How To Make a Versatile Sugar Cookies dough is like palatable modeling clay. It can be merely rolled into balls and baked, like Snickerdoodles and Chewy Sugar Cookies. But when you want to take it further and cut sugar cookie into shapes, like The Best Rolled Sugar Cookies, these guidelines will help your sugar cut-out sugar cookies turn out stunningly every time.
How to Roll Out Sugar Cookie Dough
It can be interesting to keep cut-out sugar cookie shapes from losing their meaning somewhere between rolling out the dough, cutting out the shapes, and moving them to a baking sheet. Use these tips to roll the dough calmly, keep the dough from sticking, and to handover cookies without getting stretched out.
Roll and Chill
- Set a 1½- to 2-cup portion of dough between two sheets of parchment paper. To keep the parchment from sliding, tape the bottom sheet to the counter, or lean in and use your body to pin both layers against the counter edge. Parchment keeps dough from sticking to your rolling pin and countertop without added flour. It also makes it easier to transport dough to the fridge for chilling.
- Using a rolling pin and rolling away from your body, roll dough out to an oblong shape no bigger than your cookie sheet, lifting and replacing the top sheet of parchment as needed to remove creases.
- As the dough approaches ideal thickness (a scant ¼ inch works well for most cookies, but some recipes call for thicker cookies), flank it with two wooden slats of equal thickness (paint stirrers work well) on top of the top parchment sheet, and roll pin over dough until pin edges rest on both slats. The goal is evenly thick dough without thin spots that cause uneven baking and fractures.
- Slide parchment onto an unrimed cookie sheet and chill the dough until very firm, at least 30 minutes, before cutting. Roll remaining dough in same manner and keep in the fridge until you are ready to cut it. Chilled dough cuts more precisely, clings less to cutters, and retains its shape better during baking.
Cut and Peel
- Transfer chilled dough to a work surface and peel off top parchment sheet. Now you’re ready to cut out shapes.
- Cookie cutters come in a wide variety of shapes and sizes. If you’re new at cut-outs, stick with simple shapes until you get comfortable with them. Remember, the more elaborate the shape, the trickier it is to work with. Dip a cookie cutter in flour, set it on the dough, and press the cutter straight down with your palm, rocking your palm slightly to ensure you cut all the way through the dough. Lift the cutter straight up. Repeat, dipping the cutter in flour before each cut, working quickly so dough stays cold, and spacing cuts as you’d like cookies arranged on sheet, 1 to 2 inches apart.
- Here’s the cool part: Instead of moving individual cut-outs with a spatula, peel excess dough away, leaving cut-outs on bottom parchment sheet.
- Slide parchment with cutouts onto the cookie sheet. Since you’re not lifting individual shapes with a spatula, that means the cut-outs won’t squish, stretch out, or tear on their way to the cookie sheet.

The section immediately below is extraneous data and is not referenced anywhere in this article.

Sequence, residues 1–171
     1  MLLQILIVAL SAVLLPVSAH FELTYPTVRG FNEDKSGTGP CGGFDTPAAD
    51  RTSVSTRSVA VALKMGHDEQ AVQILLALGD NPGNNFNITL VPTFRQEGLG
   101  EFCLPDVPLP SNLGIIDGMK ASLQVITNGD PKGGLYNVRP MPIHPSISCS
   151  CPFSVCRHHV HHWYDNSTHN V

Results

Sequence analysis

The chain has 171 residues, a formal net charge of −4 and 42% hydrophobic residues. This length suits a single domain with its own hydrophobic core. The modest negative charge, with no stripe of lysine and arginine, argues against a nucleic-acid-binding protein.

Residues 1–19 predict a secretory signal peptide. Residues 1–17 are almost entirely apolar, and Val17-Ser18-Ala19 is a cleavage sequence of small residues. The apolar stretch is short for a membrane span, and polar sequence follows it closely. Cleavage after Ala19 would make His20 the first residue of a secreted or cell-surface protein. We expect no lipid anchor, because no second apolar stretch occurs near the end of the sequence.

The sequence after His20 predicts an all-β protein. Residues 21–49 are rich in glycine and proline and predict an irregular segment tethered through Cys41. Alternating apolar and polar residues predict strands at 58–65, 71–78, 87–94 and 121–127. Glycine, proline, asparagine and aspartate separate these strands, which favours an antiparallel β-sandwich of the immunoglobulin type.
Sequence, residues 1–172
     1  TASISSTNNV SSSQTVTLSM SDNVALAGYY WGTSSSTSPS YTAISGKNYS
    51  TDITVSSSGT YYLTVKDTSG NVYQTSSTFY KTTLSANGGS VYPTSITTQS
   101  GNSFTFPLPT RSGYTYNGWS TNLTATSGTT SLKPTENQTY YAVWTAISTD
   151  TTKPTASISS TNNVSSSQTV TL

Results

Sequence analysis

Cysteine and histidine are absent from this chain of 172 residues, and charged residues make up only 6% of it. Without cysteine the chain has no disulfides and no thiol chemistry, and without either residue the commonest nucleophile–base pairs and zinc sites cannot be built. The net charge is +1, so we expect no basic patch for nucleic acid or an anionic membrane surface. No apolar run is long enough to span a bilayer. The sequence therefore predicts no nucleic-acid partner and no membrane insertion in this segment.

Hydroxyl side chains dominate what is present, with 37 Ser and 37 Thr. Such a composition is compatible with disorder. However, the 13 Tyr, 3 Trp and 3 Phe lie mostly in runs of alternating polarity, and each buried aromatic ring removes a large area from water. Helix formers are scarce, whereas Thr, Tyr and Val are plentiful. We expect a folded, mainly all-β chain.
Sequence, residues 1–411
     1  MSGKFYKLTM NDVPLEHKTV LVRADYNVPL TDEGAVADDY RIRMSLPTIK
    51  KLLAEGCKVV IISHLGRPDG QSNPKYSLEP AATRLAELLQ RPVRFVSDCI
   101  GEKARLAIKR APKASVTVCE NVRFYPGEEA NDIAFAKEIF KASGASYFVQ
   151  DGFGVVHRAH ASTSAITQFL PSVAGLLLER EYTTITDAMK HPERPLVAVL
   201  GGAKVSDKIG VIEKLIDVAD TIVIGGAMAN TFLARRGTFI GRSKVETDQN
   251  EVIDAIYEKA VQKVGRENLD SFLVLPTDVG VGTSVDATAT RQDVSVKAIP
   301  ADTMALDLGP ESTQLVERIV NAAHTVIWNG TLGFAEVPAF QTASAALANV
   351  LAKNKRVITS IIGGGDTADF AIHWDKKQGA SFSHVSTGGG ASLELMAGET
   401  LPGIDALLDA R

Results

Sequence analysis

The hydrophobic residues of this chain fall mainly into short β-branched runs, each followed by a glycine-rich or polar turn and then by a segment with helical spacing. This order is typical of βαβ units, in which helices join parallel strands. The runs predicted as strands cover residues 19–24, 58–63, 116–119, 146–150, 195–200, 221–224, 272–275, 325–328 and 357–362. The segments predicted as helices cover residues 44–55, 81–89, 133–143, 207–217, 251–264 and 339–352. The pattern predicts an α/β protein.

- Pat the excess dough scraps back into an oblong shape, then roll, chill, and cut again.
How to Bake Cut-Out Sugar Cookies
Bake your cut-out sugar cookies following recipe instructions, but it’s always a good idea to keep an eye on the cookies in case your oven runs hotter or cooler. For best results, use an oven thermometer ($11; Amazon) instead of relying on your oven’s built-in readout.
- After baking, slide each batch onto cooling racks, parchment paper and all. When the cookies have cooled and firmed up for a few minutes, you can slide the cookies off the parchment to finish cooling directly on the rack. Parchment paper can be reused for several batches of cookies.
- If you’re baking in batches, cool your baking sheet before loading it with fresh cookie dough. For efficient production-line baking, consider using several baking sheets so one can be in the oven, one can be loaded up with the next batch of cookies, and one can be cooling off before being loaded up again.
Shapeless cookies? Try this fix: If your rolled sugar cookies puff too much as they bake (your stars look more like blobs), try adding a little flour to the dough before rolling, chilling, cutting, and baking. Excess moisture in the dough can over-activate the baking powder and cause excessive puffing.
Frosting and Icing Sugar Cookies
After you have cut out, baked, and completely cooled the cookies, the next step and the most fun part is to decorate them.
- Decorating cookies can be as simple as dusting them with powdered sugar.
- A simple glaze of confectioners’ sugar and either milk or fruit juice is another easy way to decorate cookies. By adjusting the ratio of liquid to sugar, you can make this glaze as thick or as thin as you’d like.
- Buttercream frosting is soft and thick. It’s certainly tasty but it does not dry to a hard finish, so it’s not the best choice if you plan to stack the cookies.
- Royal icing dries to a hard, crunchy finish so designs and colors stay put.